Cayenne pepper is a dried and ground powder made from chilies. It is the ingredient in Tabasco sauce. Dried red chilies can be ground in a pepper mill or with a mortar and pestle.
Hot peppers are often charred and peeled before use.
Flavor partners. Chilies have a flavor affinity for commonly used Latin American foods such cilantro, lime, mole sauce, pinto beans, pumpkin seeds, tomatillo sauce, and tomatoes, and for commonly used Asian foods such as coconut mile, fermented black beans, fish, sauce, ginger, kaffir lime, peanuts, sesame oil, and soy sauce.
Chilies combine well with other herbs and spices such as cilantro, basil, ginger, oregano, cinnamon, black pepper, cumin, fennel, and flat-leaf parsley.
Health Note. Capsaicin is an oily, alkaloid-like substance that clings to the outer skin, juice, and seeds of fresh and dried hot peppers. It is a skin and eye irritant. Use disposable rubber gloves when handling peppers to prevent burns to the skin. Do not rub your face with your hands after handling peppers or their plants. Use milk to wash a hot pepper’s sting from the skin.
Too strong chili can cause intestinal burning: rice, beans, and bread are a good antidote. The fat content of yogurt and mile with soothe the tongue and mouth of a chili-burn. Water will intensify the burning effect of hot peppers.
Nutrition. Hot peppers contain the daily quota of vitamins A and C.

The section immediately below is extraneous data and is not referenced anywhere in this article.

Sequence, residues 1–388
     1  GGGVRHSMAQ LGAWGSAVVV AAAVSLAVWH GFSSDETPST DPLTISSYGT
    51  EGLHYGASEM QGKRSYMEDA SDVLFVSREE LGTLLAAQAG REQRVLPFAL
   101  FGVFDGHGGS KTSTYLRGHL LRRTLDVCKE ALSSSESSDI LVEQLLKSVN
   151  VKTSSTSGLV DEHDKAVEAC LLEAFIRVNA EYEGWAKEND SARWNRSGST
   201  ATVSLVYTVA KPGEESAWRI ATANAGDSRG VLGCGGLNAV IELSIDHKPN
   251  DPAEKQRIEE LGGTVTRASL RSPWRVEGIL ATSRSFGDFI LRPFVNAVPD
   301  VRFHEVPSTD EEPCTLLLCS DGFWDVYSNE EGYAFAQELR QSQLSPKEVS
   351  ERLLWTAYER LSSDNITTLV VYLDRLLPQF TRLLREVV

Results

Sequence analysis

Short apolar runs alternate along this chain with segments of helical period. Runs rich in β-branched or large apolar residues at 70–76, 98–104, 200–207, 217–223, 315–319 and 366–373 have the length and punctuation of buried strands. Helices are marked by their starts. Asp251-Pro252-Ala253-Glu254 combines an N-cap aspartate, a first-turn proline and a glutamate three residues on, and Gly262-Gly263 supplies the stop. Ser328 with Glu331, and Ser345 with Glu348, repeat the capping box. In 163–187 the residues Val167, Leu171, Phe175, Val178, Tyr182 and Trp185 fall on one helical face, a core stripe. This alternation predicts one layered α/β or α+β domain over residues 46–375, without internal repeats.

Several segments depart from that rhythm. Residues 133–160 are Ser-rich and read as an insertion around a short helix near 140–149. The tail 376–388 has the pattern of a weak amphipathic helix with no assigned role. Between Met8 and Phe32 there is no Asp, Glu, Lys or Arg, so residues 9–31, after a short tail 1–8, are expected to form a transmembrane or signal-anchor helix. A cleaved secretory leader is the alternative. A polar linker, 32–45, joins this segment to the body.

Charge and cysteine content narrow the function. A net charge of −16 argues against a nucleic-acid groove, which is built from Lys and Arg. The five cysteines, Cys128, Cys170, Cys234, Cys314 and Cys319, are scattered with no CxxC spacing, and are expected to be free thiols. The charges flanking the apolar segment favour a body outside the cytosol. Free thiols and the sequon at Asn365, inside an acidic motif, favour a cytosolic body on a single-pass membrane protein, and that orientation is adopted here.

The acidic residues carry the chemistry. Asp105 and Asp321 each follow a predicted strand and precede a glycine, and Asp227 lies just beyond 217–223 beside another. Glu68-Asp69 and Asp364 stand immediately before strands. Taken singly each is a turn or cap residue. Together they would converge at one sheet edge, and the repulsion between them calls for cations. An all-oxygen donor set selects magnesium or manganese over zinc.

Chile pepper facts and trivia. The hot, spicy flavor of chilies was once characteristic of Mexican, West Indian, and South American dishes. Hot peppers were one of the first plants cultivated in the Valley of Mexico in North America nearly 9,000 years ago. The name chilli was the word used for pepper in the Nahuatl language of the region.
Christopher Columbus introduced chilies to Spain and Europe in the late fifteenth century, and shortly after the Portuguese navigator Ferdinand Magellan introduced them to Africa and Asia.
Today chilies grow as perennials plants in tropical regions around the world and grow as annuals in much of the cooler temperate world. Beyond Mexico, South America and the Caribbean, chile peppers are now commonly used in the cookery of many African countries, the Szechuan region of China, India, Spain, and Thailand.
Chilies are often made into “hot sauces.” One hot pepper sauce in Thailand is called nam prik. Hot and sweet peppers are combined in Indonesia to make a relish called sambal. Chilies are used in guacamole and salsa in Mexico, and in Algeria and Morocco harissa is a sauce made to accompany couscous.
The botanical name for most chilies is Capsicum annum. The botanical name of some chilies is C. chinense and C. frutescens.